In response to the driver shortage worsened by COVID-19, Keith Terry says that for his district,...

In response to the driver shortage worsened by COVID-19, Keith Terry says that for his district, being patient and listening has built trust and helped retain employees.

Photo courtesy Keith Terry

Although he was no stranger to the bus yellow bus, having ridden one throughout his childhood in South Carolina, Keith Terry, like so many others in pupil transportation, started out on a different career path. For him, that was healthcare. After taking a job as a school bus driver, though, he quickly moved up the ranks and is now the director of transportation at Orangeburg County (S.C.) School District. 

In this interview with School Bus Fleet, Terry discusses how his district has worked to provide not only the material protection necessary to support its employees during the pandemic, but emotional nurturing as well. He also recently voiced a frustration — very well-understood within the industry — on motorists passing stopped school buses even with the presence of stop-arm cameras. On the bright side, he did note that local and state agencies are making extensive educational efforts to combat the issue. 

1. How did you get your start in pupil transportation? Had you worked in another industry before? 

Before working in pupil transportation, I was employed with a subsidiary of BlueCross BlueShield. After my contract ended, I transitioned into pupil transportation, getting my start as a bus driver. I was later promoted to operations manager and transportation manager positions and was eventually offered director of transportation positions — first at Berkeley County School District and then at Orangeburg, where I am now.

2. What do you like most about working in pupil transportation? 

This opportunity allows me to give back to the community, especially our public schools. Public schooling and transportation were a part of my everyday life growing up in Columbia, South Carolina. The ability to impact adults in a positive manner increases safe practices, relationship building, and customer satisfaction for our students, parents, schools, and the general public. 

3. Has the pandemic made any driver or technician shortage your department had been experiencing worse, and if so, how have you dealt with that?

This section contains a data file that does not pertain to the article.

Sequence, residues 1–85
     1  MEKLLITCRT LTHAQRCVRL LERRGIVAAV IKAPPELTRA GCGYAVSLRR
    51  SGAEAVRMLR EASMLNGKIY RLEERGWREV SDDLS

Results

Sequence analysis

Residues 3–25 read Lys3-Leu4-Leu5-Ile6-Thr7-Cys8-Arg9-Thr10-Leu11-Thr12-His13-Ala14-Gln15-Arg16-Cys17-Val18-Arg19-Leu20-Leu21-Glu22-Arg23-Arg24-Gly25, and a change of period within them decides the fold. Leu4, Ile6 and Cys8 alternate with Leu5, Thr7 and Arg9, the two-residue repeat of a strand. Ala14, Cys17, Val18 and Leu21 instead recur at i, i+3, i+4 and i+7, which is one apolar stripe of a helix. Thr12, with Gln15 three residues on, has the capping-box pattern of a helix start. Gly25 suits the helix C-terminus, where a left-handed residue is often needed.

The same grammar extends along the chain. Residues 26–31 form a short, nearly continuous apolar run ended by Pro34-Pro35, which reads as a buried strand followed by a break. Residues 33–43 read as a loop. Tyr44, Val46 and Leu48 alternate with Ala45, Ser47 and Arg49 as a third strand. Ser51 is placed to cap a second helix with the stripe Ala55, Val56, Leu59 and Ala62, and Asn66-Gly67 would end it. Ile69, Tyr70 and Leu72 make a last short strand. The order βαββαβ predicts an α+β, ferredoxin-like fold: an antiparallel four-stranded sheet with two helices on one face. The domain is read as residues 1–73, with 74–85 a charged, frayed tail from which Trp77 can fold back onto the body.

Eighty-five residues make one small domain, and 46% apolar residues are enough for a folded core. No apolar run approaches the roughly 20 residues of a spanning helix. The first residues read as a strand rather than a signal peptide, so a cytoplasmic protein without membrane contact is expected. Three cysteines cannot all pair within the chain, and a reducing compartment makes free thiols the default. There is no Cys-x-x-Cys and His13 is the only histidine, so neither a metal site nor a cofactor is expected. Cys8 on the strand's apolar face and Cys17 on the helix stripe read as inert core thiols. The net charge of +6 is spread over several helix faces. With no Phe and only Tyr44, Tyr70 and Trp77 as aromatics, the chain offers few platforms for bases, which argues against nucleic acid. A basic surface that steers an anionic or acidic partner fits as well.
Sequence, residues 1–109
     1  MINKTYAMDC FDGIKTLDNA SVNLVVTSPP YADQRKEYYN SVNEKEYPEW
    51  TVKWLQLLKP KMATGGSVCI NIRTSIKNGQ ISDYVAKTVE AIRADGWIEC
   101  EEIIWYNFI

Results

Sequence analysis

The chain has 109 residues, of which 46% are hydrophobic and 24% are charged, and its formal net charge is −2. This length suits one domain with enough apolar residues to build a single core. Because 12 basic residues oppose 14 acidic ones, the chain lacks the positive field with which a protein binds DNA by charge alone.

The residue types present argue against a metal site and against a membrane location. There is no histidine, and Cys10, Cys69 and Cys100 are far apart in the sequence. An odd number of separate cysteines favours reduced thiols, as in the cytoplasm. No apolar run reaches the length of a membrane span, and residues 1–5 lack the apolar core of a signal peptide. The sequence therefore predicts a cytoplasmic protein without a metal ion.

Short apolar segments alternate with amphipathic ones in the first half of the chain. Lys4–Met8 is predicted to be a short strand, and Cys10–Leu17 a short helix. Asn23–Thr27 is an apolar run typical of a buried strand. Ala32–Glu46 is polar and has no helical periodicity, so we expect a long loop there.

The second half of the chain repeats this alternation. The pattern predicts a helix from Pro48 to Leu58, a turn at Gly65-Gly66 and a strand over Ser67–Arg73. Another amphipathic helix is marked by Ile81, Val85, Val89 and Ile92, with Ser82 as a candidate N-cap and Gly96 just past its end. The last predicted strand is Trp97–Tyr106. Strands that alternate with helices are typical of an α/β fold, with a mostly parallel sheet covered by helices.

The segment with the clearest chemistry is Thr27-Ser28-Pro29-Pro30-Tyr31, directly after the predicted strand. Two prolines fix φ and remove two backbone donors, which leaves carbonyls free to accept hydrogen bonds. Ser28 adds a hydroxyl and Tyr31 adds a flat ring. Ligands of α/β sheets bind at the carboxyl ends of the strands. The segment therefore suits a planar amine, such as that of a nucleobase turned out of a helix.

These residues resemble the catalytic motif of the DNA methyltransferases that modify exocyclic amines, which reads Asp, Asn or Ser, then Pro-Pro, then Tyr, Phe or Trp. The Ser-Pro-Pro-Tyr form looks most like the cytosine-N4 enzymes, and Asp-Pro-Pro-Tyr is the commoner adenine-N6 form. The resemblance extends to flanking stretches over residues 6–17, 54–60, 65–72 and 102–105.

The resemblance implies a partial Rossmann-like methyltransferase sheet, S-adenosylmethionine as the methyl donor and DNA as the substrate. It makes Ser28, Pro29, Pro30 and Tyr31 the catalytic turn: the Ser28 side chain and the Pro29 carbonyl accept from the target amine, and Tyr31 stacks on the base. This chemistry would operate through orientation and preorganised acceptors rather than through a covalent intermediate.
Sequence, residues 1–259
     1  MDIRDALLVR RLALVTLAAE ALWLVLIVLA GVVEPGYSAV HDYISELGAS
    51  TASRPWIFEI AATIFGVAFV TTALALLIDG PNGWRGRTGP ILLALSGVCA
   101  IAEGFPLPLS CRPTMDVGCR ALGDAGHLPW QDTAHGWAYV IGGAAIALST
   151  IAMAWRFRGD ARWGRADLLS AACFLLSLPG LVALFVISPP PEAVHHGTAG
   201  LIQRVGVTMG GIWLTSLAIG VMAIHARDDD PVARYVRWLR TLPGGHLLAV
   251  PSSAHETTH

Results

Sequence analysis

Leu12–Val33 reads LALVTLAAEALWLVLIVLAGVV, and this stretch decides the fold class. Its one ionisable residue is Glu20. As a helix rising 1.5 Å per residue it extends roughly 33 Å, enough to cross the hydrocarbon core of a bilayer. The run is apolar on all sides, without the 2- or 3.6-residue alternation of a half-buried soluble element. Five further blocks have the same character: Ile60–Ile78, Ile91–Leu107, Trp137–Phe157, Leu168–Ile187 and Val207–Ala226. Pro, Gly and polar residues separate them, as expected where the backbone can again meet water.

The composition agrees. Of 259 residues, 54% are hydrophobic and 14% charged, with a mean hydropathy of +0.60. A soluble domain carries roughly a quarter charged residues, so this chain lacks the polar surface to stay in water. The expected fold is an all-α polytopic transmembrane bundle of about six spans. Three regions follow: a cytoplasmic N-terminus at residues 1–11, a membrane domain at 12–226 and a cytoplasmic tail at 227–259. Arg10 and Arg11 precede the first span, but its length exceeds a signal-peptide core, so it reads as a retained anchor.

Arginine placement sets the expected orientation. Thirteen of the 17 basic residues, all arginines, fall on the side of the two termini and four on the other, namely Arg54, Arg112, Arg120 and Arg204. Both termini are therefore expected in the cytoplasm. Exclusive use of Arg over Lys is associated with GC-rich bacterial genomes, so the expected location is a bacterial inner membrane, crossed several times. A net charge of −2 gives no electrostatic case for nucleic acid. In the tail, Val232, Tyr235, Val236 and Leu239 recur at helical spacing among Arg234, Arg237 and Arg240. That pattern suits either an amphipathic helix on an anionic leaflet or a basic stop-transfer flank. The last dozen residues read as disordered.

Living and working through the COVID-19 pandemic has impacted operations and has introduced a different concept of school transportation and the educational processes for students. In the beginning, many school districts, including ours, encountered employees resigning and retiring. 
We are, however, working to ensure safety supplies are always available for staff. Additionally, we constantly remind staff, students, and the community of the importance of following COVID-19 safety practices and protocols. 

Being patient and listening to employees with concerns and recommendations is also a great help. We must always exhibit a sense of care and nurturing for staff, which builds a great level of trust. This practice has also been a strong contributing factor in retaining employees.

4. What do you wish people outside the world of student transportation knew about it? 

I wish more people understood that school bus drivers’ ultimate goal is to ensure safe and efficient transportation for students to and from school daily. Constant failure to adhere to local and state laws not only affects families when tragic situations occur, but severely impacts our future as we go about our working and personal lives. 

5. Federal lawmakers re-introduced the School Bus Safety Act, which would require a review of illegal passing prevention laws, practices, and technologies nationwide. Just over a year ago, as the transportation director at Berkeley County (S.C.) School District, you told local news source WCIV that motorists were still passing school buses despite the presence of stop-arm cameras. Does Orangeburg have stop-arm cameras on its buses, and have you seen other measures work when it comes to reducing illegal passing?

It saddens me to see the daily, habitual abuse by motorists who show complete disregard for the safety of our students. Currently at Orangeburg, we do not have buses equipped with stop-arm cameras. Funding can be a challenge. It is, however, our intent to increase the use of technology software and hardware to enhance safe practices.  

I must commend our local and state law enforcement agencies, media outlets, and the South Carolina Department of Education for their ongoing communication with the general public on the importance of motorists stopping for school buses. I’m grateful for their commitment and significant support, and I’m [sure] my colleagues in neighboring districts feel the same.

About the author
Nicole Schlosser

Nicole Schlosser

Former Executive Editor

Nicole was an editor and writer for School Bus Fleet. She previously worked as an editor and writer for Metro Magazine, School Bus Fleet's sister publication.

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